I am a grand father again. My daughter produced twins a couple of weeks back. Sam and Ruby were a little early arriving, but have been working frantically at catching up.. eating, sleeping, and pooping … Nana has been taking turns with the other grandma in supporting the new mum. My medical predicament has  severely curtailed grandfather participation, but then I’m not overly excited about resurrecting diapering skills. The last time I changed one was at least a quarter century ago. Apparently the technology has changed since those endless washer/dryer and folding maneuvers of bygone ages. I haven’t actually had any hands on refresher, due to my contagious status, but that to will come about in the fulness of time.

The one individual who is most effected by my pneumonia is our old dog. He looks longingly at me every morning at what would normally be walk time. I ‘m not allowed to do our regular three kilometer circuit. The boss, in the next room practicing piano, has put the kibosh on any physical activity beyond walking up to check the mail and bringing down the weekend morning paper.

All I’m allowed to do is watch the grass grow and bide my time.grandpa

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Last week my old Dad died. He was in his ninety-second year and he went in classic Hollywood style. On the evening of his death he mentioned to his caregiver in the veterans home whose halls he prowled, that he was feeling tired and would like to go to bed early. With assistance he changed, got tucked into bed, and then looked up at the caregiver saying, “thank you and good night”. Dad closed his eyes, drew two deep breaths, and died.

He met his end in a way that most of us would envy…no pain, in the presence of familiar company, and having lived a long and full life. He was part of what Tom BrowKaw wrote of as The Greatest Generation.Raised during the depression he was thrifty to the point of obsession. When I cleaned out the basement, after assuming occupancy of the old house, I found a huge box of burned out light bulbs…after all they might be useful. This instruction by example rubbed off on me, not that I hoard burned out light bulbs but, we run a financially responsible home and have passed this on to our children.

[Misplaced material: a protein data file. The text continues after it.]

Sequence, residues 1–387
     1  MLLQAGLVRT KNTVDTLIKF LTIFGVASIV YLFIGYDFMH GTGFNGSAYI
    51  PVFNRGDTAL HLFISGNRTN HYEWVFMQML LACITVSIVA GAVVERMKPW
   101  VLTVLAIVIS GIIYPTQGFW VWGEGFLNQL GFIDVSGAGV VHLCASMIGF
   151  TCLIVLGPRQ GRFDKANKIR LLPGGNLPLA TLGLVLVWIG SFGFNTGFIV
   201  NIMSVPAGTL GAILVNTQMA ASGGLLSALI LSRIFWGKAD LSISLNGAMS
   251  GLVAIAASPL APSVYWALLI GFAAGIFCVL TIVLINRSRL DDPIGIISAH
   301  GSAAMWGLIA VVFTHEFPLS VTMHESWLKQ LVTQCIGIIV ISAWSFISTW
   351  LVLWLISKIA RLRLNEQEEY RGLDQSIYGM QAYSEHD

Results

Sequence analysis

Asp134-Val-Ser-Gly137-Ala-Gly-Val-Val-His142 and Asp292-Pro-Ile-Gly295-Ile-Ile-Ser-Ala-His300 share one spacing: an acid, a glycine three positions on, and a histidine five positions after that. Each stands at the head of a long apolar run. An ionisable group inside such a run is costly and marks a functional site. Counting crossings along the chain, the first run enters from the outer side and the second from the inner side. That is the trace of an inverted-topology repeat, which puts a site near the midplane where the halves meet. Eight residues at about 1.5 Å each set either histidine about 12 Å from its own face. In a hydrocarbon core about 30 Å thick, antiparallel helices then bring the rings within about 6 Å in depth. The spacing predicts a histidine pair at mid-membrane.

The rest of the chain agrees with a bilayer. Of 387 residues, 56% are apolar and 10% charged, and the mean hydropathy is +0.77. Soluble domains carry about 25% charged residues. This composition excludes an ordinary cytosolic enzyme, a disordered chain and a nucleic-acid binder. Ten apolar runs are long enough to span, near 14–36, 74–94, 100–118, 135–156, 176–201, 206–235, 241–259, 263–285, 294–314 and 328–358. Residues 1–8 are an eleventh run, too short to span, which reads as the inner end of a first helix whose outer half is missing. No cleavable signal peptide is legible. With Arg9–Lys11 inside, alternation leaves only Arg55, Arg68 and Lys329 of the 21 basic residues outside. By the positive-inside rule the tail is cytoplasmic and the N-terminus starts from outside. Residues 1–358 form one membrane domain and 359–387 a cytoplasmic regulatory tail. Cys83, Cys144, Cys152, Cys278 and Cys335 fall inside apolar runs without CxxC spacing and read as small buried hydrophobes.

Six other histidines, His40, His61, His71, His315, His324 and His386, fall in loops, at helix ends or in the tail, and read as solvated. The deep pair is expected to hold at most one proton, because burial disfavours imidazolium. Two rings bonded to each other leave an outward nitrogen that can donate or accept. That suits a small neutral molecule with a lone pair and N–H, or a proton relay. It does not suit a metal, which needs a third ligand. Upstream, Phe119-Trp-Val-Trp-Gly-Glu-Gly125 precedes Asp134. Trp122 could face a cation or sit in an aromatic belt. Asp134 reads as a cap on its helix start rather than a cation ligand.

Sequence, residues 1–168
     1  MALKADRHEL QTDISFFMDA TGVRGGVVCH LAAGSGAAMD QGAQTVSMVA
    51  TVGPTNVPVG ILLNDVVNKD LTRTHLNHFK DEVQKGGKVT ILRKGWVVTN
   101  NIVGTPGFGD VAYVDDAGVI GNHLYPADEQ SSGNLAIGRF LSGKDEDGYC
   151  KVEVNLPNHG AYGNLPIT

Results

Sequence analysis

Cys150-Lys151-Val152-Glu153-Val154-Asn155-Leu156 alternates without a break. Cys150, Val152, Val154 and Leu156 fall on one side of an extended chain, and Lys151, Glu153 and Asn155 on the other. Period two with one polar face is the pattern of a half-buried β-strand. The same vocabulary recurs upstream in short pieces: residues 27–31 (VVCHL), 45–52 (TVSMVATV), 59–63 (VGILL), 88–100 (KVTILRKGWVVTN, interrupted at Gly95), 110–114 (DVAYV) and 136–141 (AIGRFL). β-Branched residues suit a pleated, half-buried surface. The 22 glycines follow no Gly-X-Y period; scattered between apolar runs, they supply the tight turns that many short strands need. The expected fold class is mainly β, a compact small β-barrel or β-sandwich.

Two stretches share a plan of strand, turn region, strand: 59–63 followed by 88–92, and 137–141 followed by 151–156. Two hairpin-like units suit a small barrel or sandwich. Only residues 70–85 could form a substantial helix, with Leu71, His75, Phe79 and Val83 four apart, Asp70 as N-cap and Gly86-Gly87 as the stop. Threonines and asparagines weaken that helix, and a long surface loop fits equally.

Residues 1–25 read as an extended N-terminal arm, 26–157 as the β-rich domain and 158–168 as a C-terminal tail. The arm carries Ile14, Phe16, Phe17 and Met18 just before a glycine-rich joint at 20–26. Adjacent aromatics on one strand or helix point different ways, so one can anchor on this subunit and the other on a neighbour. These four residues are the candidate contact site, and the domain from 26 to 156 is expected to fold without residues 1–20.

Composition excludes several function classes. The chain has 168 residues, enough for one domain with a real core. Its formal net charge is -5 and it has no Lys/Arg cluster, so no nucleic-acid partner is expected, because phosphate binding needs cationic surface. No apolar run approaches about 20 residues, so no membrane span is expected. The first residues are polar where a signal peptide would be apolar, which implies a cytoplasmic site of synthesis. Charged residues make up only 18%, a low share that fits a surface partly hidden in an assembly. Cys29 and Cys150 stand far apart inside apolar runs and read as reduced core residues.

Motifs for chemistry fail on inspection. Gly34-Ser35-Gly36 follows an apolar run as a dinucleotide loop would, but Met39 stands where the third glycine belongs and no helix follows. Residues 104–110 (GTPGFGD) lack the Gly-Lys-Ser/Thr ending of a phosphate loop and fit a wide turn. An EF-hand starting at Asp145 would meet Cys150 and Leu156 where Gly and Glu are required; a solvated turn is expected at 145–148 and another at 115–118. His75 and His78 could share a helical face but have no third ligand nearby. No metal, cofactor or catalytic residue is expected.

His good name was a matter to be protected. He was not one to mince words and spoke his mind, occasionally to his own detriment, but always promoting a cause he felt was just and right. He had the courage to follow his convictions in areas where others might flag. However, he wasn’t vengeful and stressed forgive and forget, a creed I try to live by.

Dad lived a life of public service. Starting with the Second War, he was a naval officer for twenty five years until the ‘ill-conceived Unification experiment’ drove him to resign his commission rather than “wear Hellyer’s despised green uniform”. This was followed by another twenty years in the federal civil service within the HMC Dockyard in Esquimalt BC where his career began.

As we aged, a gradual swapping of roles occurred from care giver to dependent and back. Towards the end he would clutch my arm as we navigated over any terrain other than a smooth flat surface. His mind, though sharp, was subject to an ever decreasing short term of memory. At least now I won’t have to answer a predictable series of repetitive questions.

Dad loved life and I loved him. Death is inevitable and he has embraced it. The other certainty of life is taxes. I’m about to face up to them as I probate his will.

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book cover - dragon2

At long last the book is now on line. It is available for kindle at Amazon books and for all other electronic devices at Smashwords.com. (to find it at smashwords deactivate the adult filter)